I have a set of around 8 widgets that all accept a single parameter of type X and display the content of type X in a different way. What I am trying to create is an abstraction layer that defines the structure of such a widget. Besides the structure, the abstraction layer would define a factory method to decide which implementation gets used based on an ID. The different implementations are all widgets that extend either Stateless- or StatefulWidget.

The abstraction layer would look like the following:

abstract class AbstractWidget {
final X content;

factory AbstractWidget({@required int id, @required X content}) {
  switch (id) {
    case 1:
      return Implementation1(content);
      break;
    default: return Implementation2(content);
   }
  }
 }

An implementation would look like the following:

class Implementation1 extends StatelessWidget implements AbstractWidget {
  final X content;

  Implementation1(this.content);

  @override
  Widget build(BuildContext context) {
    // Display content in some type of way
  }
}

So what I'm trying to achieve is the following:

var widgetList = new List<Widget>();
for (var item in items) {
  X content = fetchContentFromAPI();
  widgetList.add(AbstractWidget(content: content, id: item.id));
}
return Column(children: widgetList);

This would not work because the AbstractWidget isn't technically a Widget-type, even though it can only return instances of either Stateless- or StatefulWidgets. If anyone knows a better way of implementing my structure, it would help me a lot!

1 Answers

0
Hugo Passos On Best Solutions

Make your AbstractWidget extend or implement Widget. However, I must agree with RĂ©mi Rousselet. An abstract class should not know anything about its children (that's why it is an abstraction, anyway). I would do, instead:

class Foo extends StatelessWidget {
  @override
  Widget build(BuildContext context) {
    var widgetList = new List<Widget>();
    for (var item in items) {
      X content = fetchContentFromAPI();
      widgetList.add(abstractWidgetWith(content: content, id: item.id));
    }
    return Column(children: widgetList);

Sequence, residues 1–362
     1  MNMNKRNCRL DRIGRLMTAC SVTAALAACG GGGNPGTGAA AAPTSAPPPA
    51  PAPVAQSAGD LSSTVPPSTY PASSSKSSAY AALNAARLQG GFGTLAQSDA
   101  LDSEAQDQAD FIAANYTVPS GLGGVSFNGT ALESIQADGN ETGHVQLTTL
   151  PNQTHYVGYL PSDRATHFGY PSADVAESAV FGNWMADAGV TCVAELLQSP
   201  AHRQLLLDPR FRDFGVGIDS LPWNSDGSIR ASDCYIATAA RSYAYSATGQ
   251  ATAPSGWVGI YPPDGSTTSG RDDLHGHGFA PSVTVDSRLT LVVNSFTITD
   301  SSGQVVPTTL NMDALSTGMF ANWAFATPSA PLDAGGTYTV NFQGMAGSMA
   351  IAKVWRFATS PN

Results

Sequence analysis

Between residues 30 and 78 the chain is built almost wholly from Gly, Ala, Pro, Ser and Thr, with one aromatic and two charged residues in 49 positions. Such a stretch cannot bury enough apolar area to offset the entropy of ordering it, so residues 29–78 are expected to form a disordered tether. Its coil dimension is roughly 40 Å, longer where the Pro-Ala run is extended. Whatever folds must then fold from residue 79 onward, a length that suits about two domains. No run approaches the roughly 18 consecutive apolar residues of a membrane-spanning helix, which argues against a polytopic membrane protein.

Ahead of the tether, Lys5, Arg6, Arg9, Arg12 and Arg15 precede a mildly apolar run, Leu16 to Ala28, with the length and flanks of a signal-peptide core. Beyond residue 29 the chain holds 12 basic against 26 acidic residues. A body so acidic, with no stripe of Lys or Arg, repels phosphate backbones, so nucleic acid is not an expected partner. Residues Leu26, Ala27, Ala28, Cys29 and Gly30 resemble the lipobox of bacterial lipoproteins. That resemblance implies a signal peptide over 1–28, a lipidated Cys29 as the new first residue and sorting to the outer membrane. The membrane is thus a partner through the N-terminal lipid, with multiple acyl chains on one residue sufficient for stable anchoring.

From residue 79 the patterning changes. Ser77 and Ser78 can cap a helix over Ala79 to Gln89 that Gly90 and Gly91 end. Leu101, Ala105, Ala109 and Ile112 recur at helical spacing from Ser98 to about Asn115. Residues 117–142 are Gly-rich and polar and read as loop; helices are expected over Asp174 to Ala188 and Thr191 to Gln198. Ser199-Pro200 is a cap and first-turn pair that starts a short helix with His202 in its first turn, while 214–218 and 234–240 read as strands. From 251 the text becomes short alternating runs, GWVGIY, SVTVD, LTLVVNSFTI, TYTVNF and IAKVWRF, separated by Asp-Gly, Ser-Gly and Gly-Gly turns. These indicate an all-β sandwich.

}

  Widget abstractWidgetWith({@required int id, @required X content}) {
    switch (id) {
      case 1:
        return Implementation1(content);
      default:
        return Implementation2(content);
    }
  }
}

abstract class AbstractWidget {
  final X content;
  AbstractWidget(this.content);
}

class Implementation1 extends StatelessWidget implements AbstractWidget {
  final X content;

  Implementation1(this.content);

  @override
  Widget build(BuildContext context) {
    // Display content in some type of way
  }
}

class Implementation2 extends StatelessWidget implements AbstractWidget {
  final X content;

  Implementation2(this.content);

  @override
  Widget build(BuildContext context) {
    // Display content in some type of way
  }
}

I just want to make an addition about something you said:

It's just that the extensive switch case goes against the design patterns and principles I've been taught.

The idea here is to always look for an abstraction instead of repeating condition structures. Notice repeating emphasizing. If the condition structure is used more than once, abstraction is mostly a better option. If this is not the case, you are probably overkilling the problem by creating abstraction.

Again, notice repeating emphasizing. You tend to need an abstraction when you have lots of condition structures, but I'll end up using ONE condition in the end. In other words, you can't get rid of the condition structures, you are just going to use it less.

In the context of this question, seems like you followed all the rules. This looks like a clean code to me.